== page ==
Modern Rock Orchestra combines rock’s drive with classical’s soul

Modern Rock Orchestra combines rock's drive with classical's soul

Music isn’t Grant Ferguson’s full time job. And he’s okay with that.

Ferguson is a guitar maestro. He’s the leader of Modern Rock Orchestra, a band that combines a four-piece rock and roll group with a ten-piece orchestra to create something inspired by both genres but totally its own. Ferguson writes and composes each song. He wants to play rock that has the bones of classical music. 

He’s got wild spiky hair and a rocker goatee. But when Ferguson isn’t on stage, he’s pretty white collar. He’s the CEO of a company called UFS, a lender that focuses on giving entrepreneurs money to start or buy their own business.

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“Music is my full time passion and obsession,” he said. “So I’ve set it up so I can have an income that helps me fuel and fund my music and ambitions.”

He has huge respect for musicians who make creativity their full time gig, but he never wanted to do that.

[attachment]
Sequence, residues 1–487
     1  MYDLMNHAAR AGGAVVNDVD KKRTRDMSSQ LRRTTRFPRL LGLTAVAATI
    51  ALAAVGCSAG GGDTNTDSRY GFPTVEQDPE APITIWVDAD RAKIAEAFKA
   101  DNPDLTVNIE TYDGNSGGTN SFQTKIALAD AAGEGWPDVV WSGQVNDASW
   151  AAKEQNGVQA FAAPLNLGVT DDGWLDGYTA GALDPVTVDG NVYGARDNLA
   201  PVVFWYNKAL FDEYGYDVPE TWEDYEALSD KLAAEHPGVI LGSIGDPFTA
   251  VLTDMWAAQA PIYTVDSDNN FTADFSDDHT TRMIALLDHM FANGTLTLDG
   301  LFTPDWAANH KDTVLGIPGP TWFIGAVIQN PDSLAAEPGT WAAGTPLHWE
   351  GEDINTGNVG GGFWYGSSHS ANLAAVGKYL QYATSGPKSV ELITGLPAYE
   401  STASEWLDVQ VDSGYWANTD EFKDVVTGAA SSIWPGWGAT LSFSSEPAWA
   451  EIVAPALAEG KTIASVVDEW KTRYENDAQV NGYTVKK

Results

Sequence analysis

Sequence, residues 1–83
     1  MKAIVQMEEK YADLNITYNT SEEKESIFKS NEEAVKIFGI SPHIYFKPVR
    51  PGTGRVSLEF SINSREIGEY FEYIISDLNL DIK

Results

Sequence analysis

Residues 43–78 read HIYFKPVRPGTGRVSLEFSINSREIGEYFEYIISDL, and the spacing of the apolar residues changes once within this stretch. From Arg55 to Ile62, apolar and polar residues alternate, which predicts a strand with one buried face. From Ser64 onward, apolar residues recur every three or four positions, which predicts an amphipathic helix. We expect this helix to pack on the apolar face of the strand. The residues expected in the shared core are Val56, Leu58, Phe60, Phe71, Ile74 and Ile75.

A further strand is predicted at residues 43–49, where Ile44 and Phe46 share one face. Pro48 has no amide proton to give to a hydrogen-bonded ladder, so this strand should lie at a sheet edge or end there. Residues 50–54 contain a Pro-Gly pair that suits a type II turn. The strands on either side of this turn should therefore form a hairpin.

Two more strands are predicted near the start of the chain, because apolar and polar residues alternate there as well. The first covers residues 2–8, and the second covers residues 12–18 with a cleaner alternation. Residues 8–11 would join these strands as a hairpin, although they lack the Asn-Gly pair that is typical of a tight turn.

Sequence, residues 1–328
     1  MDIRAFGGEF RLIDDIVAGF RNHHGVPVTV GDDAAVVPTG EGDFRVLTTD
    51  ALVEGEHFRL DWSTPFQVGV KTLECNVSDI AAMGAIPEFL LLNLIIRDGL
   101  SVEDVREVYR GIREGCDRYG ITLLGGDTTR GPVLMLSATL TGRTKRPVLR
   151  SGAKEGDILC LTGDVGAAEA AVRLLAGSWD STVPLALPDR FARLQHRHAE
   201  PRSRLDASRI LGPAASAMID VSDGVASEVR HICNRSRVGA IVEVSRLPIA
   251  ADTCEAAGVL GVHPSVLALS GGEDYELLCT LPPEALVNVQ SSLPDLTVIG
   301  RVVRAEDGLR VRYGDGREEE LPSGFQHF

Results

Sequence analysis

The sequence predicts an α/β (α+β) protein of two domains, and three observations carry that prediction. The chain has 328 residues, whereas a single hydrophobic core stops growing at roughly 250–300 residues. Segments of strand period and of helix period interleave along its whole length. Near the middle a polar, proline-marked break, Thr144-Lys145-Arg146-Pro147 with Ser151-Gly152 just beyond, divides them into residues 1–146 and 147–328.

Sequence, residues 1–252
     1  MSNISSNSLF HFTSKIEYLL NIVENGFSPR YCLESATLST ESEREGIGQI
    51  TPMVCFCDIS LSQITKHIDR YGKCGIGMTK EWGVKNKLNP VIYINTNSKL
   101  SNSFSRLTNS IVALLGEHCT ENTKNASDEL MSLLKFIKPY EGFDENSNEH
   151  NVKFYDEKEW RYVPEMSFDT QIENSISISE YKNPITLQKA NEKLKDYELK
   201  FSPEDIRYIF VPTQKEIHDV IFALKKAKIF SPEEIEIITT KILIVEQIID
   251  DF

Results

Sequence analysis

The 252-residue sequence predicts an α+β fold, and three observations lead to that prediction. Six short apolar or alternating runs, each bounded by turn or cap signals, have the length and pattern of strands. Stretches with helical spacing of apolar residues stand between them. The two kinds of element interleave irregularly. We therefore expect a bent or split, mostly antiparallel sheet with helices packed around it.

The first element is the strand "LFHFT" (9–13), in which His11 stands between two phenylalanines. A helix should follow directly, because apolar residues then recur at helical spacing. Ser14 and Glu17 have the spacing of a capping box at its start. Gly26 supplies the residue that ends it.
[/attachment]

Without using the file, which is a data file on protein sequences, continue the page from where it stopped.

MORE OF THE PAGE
“For some of these folks,” he said, thoughtfully, “music becomes something that they no longer associate with love and passion. It’s an obligation or a grind.”

He never wants to wind up in a cover band trying to pay the rent.

“I have never wanted to play ‘Brown Eyed Girl’ in a shitty bar somewhere,” he said with a smirk.

What Modern Rock Orchestra does is certainly not bar music. Their music is melodic and ornate. Ferguson’s stabbing guitar usually leads, playing over a hard charging rhythm section made up of rock band staples like bass, drums and keyboards. Plenty of bands stop there, but not Modern Rock Orchestra. There are ten members who play strings, with violins, violas and cellos all represented. The strings allow the rest of the band to soar, they take on a sort of ethereal feel.

They might sound heavenly, but Ferguson said MRO was born out of frustration.

“As an instrumental rock musician,” he said, “you play in these venues and you find out that a lot of your audience is male guitar players. And as cool as that is, it’s a very narrow niche.”

Ferguson is a gearhead. But he wants his audience to be made up of people who maybe aren’t as into the theory as he is. He’d like to play arpeggios for people who aren’t totally sure what an arpeggio is.